The U.S. Soccer Federation has finalized agreements to pay its men's and women's teams equally, making it the first national governing body in the sport to promise equal pay to men and women.
The federation also announced separate collective bargaining agreement through December 2028 with unions for both men's and women's teams.
“I feel a lot of pride for the girls who are going to see this growing up, and recognize their value rather than having to fight for it. However, my dad always told me that you don’t get rewarded for doing what you’re supposed to do — and paying men and women equally is what you’re supposed to do,” U.S. forward Margaret Purce said, according to the Associated Press. “So I’m not giving out any gold stars, but I’m grateful for this accomplishment and for all the people who came together to make it so.”
The biggest challenge in coming to an agreement was deciding how the World Cup prize money would be distributed. While the women's team has been to back-to-back World Cup titles, differences in FIFA prize money meant they took home far less than the men's winners.
The unions agreed to pool FIFA's payments for the men's World Cup later this year and next year's Women' World Cup, as well as for the 2026 and 2027 tournaments. Each player will then get matching game appearance fees.
“We saw it as an opportunity, an opportunity to be leaders in this front and join in with the women’s side and U.S. Soccer. So we’re just excited that this is how we were able to get the deal done,” said Walker Zimmerman, a defender who is part of the U.S. National Team Players Association leadership group.
According to the Associated Press, the federation previously based bonuses on payments from FIFA, which earmarked $30 million for the 2019 women’s tournament, including $4 million to the champion United States.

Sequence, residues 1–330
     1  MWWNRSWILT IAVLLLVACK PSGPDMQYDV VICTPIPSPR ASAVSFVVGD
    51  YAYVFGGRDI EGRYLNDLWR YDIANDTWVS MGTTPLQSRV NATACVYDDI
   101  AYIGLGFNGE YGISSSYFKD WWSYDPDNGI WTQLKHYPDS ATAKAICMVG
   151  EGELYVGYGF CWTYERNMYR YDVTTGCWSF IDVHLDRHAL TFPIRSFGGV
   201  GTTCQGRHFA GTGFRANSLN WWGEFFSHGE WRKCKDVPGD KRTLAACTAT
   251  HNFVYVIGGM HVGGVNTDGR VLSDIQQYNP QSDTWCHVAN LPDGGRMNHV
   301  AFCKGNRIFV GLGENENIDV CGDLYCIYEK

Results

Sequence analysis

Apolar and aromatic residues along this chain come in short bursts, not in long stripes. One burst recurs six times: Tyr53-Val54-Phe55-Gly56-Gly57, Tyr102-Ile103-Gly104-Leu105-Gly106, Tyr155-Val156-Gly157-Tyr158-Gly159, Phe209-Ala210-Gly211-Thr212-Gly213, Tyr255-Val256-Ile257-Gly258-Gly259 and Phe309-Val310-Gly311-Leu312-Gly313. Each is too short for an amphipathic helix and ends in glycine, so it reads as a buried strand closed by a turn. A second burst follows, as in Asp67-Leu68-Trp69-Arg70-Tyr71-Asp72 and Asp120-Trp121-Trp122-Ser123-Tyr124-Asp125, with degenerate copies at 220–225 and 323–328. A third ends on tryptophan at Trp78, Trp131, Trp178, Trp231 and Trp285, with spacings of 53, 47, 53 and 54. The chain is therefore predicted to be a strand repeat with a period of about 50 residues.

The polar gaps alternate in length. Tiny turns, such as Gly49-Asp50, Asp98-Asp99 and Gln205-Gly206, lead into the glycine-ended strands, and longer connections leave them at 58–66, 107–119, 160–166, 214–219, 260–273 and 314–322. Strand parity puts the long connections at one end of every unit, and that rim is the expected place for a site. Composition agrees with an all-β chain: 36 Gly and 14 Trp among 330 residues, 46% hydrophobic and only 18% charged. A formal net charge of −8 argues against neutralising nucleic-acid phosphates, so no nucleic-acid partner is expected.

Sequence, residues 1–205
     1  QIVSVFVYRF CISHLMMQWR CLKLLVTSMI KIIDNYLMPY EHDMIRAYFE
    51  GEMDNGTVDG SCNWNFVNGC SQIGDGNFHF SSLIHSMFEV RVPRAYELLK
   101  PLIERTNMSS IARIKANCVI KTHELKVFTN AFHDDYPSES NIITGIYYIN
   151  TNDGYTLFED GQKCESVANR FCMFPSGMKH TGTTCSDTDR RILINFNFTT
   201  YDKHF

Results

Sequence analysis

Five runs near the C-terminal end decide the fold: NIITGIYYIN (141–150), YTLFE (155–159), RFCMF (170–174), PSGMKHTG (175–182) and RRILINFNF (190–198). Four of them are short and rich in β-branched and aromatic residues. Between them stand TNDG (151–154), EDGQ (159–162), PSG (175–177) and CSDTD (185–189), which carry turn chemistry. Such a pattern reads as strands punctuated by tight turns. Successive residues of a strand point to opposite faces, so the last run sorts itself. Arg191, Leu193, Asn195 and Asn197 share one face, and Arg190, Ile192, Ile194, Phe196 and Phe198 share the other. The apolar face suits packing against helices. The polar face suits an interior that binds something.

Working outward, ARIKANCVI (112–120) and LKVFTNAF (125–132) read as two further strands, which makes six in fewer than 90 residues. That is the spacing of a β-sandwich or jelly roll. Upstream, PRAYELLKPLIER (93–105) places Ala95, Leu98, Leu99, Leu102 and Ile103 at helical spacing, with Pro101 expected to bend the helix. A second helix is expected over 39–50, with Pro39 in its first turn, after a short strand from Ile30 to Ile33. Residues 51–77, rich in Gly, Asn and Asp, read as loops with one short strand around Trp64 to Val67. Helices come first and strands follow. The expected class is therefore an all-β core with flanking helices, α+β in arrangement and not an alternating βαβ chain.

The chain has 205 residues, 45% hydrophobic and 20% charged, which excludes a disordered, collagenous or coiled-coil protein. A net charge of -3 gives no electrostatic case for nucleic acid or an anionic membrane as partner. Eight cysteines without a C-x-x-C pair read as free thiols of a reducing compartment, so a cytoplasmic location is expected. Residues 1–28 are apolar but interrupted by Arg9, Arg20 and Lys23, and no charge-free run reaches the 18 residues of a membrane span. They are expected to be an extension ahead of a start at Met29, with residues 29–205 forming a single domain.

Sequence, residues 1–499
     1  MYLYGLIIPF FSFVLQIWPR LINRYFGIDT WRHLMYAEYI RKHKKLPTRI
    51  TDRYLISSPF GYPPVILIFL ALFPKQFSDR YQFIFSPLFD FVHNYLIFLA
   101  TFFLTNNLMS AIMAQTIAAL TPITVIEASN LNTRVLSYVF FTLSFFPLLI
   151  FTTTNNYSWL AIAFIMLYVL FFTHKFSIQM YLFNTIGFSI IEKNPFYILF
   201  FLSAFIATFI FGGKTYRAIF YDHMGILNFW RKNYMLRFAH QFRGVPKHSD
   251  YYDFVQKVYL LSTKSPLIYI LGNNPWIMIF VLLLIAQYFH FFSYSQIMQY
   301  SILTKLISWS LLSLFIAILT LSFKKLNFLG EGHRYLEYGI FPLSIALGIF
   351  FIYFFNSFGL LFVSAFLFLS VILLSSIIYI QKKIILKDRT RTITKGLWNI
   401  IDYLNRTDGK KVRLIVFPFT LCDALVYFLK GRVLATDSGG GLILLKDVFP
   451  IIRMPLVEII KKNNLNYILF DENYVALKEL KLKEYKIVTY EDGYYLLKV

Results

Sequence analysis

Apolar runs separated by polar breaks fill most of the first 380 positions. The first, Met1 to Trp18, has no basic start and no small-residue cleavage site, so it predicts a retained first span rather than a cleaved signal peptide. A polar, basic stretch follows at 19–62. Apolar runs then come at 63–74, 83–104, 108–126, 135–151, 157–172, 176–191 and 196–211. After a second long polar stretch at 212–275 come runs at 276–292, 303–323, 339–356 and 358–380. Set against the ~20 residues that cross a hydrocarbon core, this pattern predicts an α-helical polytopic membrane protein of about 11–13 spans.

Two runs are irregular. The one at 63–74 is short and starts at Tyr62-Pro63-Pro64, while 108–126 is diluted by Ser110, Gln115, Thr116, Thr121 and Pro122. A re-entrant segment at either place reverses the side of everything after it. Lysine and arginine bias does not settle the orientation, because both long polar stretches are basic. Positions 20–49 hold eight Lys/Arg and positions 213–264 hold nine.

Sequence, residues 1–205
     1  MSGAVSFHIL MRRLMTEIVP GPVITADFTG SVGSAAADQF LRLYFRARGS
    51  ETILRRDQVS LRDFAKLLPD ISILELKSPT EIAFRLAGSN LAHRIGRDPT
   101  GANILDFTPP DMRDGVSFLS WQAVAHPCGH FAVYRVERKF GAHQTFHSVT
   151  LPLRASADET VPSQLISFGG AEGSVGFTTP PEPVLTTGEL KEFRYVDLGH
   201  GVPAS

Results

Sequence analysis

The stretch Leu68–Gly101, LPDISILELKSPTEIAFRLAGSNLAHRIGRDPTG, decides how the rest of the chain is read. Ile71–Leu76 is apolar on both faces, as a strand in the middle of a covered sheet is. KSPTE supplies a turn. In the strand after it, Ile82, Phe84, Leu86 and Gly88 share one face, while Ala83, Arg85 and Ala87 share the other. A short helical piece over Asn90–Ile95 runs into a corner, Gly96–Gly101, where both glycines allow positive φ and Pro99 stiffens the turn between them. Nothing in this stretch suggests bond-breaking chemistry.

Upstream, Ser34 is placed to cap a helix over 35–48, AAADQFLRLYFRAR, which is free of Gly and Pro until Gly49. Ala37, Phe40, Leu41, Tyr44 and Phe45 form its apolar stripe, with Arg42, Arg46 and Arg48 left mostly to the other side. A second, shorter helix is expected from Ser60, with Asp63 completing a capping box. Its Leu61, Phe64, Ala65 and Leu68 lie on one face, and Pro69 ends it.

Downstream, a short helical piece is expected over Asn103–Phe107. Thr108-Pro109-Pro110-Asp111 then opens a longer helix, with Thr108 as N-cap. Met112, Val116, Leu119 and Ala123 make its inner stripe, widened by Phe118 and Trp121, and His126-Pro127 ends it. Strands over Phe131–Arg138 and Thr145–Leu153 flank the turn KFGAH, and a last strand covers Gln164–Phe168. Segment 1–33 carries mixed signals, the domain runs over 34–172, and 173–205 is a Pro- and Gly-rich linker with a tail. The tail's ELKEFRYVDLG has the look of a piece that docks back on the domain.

FIFA has increased the total payout for the 2022 men's World Cup to $440 million, and president Gianni Infantino has proposed that FIFA double the women's prize money to $60 million for the 2023 women's World Cup.
As part of the deal, women gave up guaranteed base salaries which had been part of their CBA since 2005. Some of the women received guaranteed money of $100,000.
“I think we’ve outgrown some of the conditions that may look like we have lost something, but now our (professional) league is actually strong enough where now we don’t need as many guaranteed contracts, you know, we can be on more of a pay-to-play model,” Purce said.
Childcare, which has been covered for women for more than 25 years, has now been extended to men during nation team training and matches.
“There were moments when I thought it was all going to fall apart and then it came back together and it’s a real credit to all the different groups coming together, negotiating at one table,” said federation president Cindy Parlow Cone, a former national team player who became head of the governing body in 2020. “I think that’s where the turning point really happened. Before, trying to negotiate a CBA with the women and then turn around and negotiate CBA terms with the men and vice versa, was really challenging. I think the real turning point was when we finally were all in the same room sitting at the same table, working together and collaborating to reach this goal.”